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I am trying to make a PCB stencil by etching thin Aluminum using a toner transfer method.

I am using H2O2 3% and HCL 10% in a 1:1 ratio. I have also tried 3:1 and 1:2 ratios.

The alu has been cleaned with acetone.

I've tried room temp chemicals and putting them in a hot tap water bath.

In all cases the reaction is incredibly slow and weak. After 10 minutes the surface of the alu is covered in bubbles but no pitting.

Any ideas what I a missing? Others have reported this working for them (commonly with copper PCBs) so it seems strange. Perhaps this combination requires HCL at 30%?

Thanks.

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  • \$\begingroup\$ Copper != aluminum. Besides, the copper on a PCB is MUCH thinner than the aluminum you are trying to etch. \$\endgroup\$ – JRE Dec 8 '17 at 16:02
  • \$\begingroup\$ aluminum is naturally resistent to corrosion due to its regnerative oxide layer, you need much stronger stuff to etch it \$\endgroup\$ – PlasmaHH Dec 8 '17 at 16:04
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Your HCL is a bit weak. You can speed up the reaction exponentially by warming the acid. Here is a complete tutorial on making solder stencils from old soda cans. He uses 31.5% HCL (aka Muriatic Acid) from The Home Depot.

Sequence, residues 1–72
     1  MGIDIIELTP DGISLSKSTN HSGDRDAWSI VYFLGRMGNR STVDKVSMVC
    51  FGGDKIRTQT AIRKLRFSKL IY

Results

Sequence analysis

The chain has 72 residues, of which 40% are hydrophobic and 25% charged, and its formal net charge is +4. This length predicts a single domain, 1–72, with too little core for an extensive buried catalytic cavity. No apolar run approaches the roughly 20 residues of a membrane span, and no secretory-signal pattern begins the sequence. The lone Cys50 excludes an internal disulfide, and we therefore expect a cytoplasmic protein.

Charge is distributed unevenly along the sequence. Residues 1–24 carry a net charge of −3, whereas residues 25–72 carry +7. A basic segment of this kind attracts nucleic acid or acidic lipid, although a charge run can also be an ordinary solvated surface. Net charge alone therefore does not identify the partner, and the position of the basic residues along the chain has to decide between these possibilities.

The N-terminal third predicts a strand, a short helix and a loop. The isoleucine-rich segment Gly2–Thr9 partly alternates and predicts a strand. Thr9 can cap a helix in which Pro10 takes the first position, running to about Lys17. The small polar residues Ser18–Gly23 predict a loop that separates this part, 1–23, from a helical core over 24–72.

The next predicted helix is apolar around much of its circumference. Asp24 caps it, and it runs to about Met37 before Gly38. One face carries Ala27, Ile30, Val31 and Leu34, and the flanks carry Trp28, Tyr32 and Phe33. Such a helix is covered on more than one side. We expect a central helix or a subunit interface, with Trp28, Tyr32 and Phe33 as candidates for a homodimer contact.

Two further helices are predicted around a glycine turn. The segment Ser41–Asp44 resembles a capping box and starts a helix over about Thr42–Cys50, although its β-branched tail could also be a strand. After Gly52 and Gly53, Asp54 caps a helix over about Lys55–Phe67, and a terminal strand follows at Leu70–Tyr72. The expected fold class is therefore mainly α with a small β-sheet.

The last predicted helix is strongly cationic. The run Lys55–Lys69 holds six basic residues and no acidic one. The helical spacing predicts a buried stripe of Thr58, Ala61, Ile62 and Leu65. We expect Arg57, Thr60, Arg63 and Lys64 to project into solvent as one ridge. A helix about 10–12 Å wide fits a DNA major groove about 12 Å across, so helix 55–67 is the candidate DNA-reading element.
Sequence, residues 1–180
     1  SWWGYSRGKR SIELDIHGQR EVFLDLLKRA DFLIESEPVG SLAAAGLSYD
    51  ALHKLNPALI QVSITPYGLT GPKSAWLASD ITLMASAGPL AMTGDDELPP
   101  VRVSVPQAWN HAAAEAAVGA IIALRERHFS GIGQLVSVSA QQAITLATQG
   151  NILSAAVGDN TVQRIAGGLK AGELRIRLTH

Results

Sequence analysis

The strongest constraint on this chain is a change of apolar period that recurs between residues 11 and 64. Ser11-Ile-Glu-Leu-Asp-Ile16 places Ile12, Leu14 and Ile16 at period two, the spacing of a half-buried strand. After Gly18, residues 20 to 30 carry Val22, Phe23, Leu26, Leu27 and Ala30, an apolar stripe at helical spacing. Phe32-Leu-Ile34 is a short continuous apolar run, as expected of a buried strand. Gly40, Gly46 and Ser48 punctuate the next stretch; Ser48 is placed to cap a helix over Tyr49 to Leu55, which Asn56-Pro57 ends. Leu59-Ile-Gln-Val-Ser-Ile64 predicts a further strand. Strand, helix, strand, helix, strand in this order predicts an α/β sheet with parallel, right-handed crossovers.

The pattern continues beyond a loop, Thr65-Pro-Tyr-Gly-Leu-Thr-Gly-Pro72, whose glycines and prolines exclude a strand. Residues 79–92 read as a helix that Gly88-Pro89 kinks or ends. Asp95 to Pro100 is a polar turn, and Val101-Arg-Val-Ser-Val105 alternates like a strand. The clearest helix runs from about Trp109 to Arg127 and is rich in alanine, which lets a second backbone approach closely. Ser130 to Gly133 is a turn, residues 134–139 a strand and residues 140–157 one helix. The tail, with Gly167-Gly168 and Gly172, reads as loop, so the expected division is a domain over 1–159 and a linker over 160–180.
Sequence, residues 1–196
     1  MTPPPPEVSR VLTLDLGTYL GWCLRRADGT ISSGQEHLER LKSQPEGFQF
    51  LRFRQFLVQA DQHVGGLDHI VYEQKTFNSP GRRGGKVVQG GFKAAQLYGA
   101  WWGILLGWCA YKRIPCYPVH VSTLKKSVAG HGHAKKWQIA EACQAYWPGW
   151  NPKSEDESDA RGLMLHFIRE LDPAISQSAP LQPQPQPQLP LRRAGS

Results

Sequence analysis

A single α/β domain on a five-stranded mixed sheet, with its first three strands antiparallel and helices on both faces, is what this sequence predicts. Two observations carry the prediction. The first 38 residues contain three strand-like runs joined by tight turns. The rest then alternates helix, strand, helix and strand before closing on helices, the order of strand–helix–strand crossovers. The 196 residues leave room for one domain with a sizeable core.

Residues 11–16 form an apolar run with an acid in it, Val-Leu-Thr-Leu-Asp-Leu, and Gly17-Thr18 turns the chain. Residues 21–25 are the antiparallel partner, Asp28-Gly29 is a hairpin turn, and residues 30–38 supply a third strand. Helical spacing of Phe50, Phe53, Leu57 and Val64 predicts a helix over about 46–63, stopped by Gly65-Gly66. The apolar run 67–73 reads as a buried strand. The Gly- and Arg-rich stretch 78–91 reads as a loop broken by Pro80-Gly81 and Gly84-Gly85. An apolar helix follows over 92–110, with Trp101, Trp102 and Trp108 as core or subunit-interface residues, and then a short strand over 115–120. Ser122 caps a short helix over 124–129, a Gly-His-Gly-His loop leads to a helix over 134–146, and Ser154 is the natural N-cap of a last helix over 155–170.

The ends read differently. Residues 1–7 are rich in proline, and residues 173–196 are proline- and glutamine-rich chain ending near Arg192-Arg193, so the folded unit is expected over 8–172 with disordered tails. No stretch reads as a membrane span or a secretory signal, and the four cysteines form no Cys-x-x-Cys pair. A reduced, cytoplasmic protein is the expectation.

Since Chinese suppliers can make beautiful professional laser cut stainless stencils for next to nothing (with welded frames) I've never been tempted to try it, but I admire his pluck.

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Your big problem is that the first step which occurs is not dissolving aluminum - it's dissolving aluminum oxide (alumina) which has formed on the surface of the metal. Your acetone cleaning got oils and such off the surface, but it didn't touch the oxide layer. Copper, for instance, doesn't oxidize quickly, so cleaning is important. With aluminum the situation is different. And the oxide layer is self-renewing, as PlasmaHH has noted. Bare aluminum will grab oxygen out of water, producing hydrogen gas, so dilute acids don't do well.

You may be better off using a hot, saturated sodium hydroxide solution, but there are two caveats. First, that stuff is really nasty if you get it on you, and eye protection is an absolute must. Second, I have no idea how well your resist will hold up.

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